Should You Consider a Career in Hospice?

A career in hospice care affords many unique opportunities. Unlike other healthcare career choices, a career in hospice doesn’t revolve around patients seeking curative treatment. Hospice is a specialized field and there are multiple reasons why so many people choose to work in hospice care.

The hospice care field is comprised of healthcare professionals with a variety of backgrounds, educations and experiences. Jobs in hospice care include healthcare professionals and non-healthcare professionals, such as nurses, physicians, certified nursing assistants, home health aids, counselors, clergy, and social workers all play an important role in hospice and palliative care.

For healthcare professionals, a career in hospice care can be challenging and rewarding. A healthcare professional who chooses to work in hospice and palliative medicine concentrates on preventing and alleviating suffering and improving the quality of life for patients and their families facing the many challenges of living with a life limiting illness. They address physical, as well as emotional and spiritual needs.

"For most of us working in hospice, it is so much more than a job, it's a commitment to making an impact on the lives of  the patients we care for and their families."            
~Don Schumacher~ 

The professions below are all members of the hospice interdisciplinary team that provide symptom management, education, guidance and support to patients and families.
Accordingly, they all participant in 
developing an individualized plan of care for each patient and family. Interdisciplinary team members must be capable of compassionate communication with patients and their families, be resilient and empathetic, have keen observation and assessment skills, high ethical standards, excellent communication skills to alert doctors and others about changes in patient conditions. They also need the emotional and physical stability to deal with the challenges of severe illness and death.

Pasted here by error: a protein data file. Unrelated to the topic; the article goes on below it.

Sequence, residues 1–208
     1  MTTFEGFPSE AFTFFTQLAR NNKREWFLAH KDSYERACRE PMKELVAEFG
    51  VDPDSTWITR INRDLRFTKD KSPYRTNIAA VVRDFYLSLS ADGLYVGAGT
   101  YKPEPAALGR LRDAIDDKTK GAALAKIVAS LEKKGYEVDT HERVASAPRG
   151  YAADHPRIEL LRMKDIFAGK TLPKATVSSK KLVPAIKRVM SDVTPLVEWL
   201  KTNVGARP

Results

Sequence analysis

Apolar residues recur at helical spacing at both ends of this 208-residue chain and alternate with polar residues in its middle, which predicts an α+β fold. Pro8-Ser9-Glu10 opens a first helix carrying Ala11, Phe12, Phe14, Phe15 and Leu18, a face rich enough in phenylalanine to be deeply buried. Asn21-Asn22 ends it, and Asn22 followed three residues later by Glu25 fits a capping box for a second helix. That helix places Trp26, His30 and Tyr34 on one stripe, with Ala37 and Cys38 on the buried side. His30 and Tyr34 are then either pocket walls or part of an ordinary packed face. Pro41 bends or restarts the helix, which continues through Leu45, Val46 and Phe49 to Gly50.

Hospice Nursing Careers

Hospice nurses are registered nurses (RNs) and licensed vocational nurses (LVN) who provide nursing care. They work with patients, their families and other healthcare professionals to maintain the comfort and quality of life during the final stages of life. A licensed vocational nurse (LVN) works under the supervision of a registered nurse (RN).

Hospice Aid (HHA)-Certified Nursing Assistant/Aide (CNA)

A Hospice Aid (HHA) Certified Nursing Assistant/Aide (CNA) is a healthcare worker who works with patients under the supervision of a registered nurse (RN). The focus of the care provided by a HHA-CNA is to comfort and support patients and families. Hospice Aid (HHA) Certified Nursing Assistant/Aide (CNA) may have more one-on-one interaction with a patient and acts as a liaison between the patient and the RN to make sure he or she has all the information about the patient that is needed. 

Hospice Social Worker 

Hospice social workers help both patients and their families navigate the difficult process of end-of-life planning; manage the mental, emotional, familial, and monetary stressors of a life limiting illness; understand their plan of care and be vocal about their needs; overcome crisis situations; and connect to other support services in the area. Hospice social workers are advocates for patients and their families, and possess a deep knowledge of what their patients and families need and what resources are available within and outside of hospice settings to help them.

Hospice Chaplain-Counselor

Hospice chaplains provide spiritual support to patients and their families. Chaplains make spiritual assessments of patients, taking into account mental, emotional, physical and spiritual stresses, and respond with appropriate counseling and care. Individualized plans may include spiritual consultations and performance of sacraments.

Hospice Nurse Practitioner

Hospice nurse practitioners perform face-to-face assessments that provide physicians with the information they need to evaluate patient recertifications for continued hospice eligibility. Conducting face-to-face assessments include meeting with the patient, reviewing the patient's chart, consulting with the patient's nurse and other team members and consulting with facility staff. 

Physician-Hospice Medical Director

A hospice physician oversees the hospice plan of care and is responsible for ensuring that the patient’s care and wishes are honored, that the hospice team is supported and that all care goals for the patient are met. Hospice physicians help the hospice team maximize patient comfort and support to enhance the patient’s quality of life. Hospice physicians certify and re-certify hospice patients. 

Think a career in hospice might be a good fit for you?

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